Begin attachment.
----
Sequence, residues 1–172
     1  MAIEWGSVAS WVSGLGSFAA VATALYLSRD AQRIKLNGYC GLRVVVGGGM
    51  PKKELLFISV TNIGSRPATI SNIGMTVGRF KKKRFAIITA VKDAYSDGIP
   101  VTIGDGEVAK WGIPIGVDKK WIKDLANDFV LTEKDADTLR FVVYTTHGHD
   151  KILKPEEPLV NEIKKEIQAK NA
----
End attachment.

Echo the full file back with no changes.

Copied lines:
Sequence, residues 1–172
     1  MAIEWGSVAS WVSGLGSFAA VATALYLSRD AQRIKLNGYC GLRVVVGGGM
    51  PKKELLFISV TNIGSRPATI SNIGMTVGRF KKKRFAIITA VKDAYSDGIP
   101  VTIGDGEVAK WGIPIGVDKK WIKDLANDFV LTEKDADTLR FVVYTTHGHD
   151  KILKPEEPLV NEIKKEIQAK NA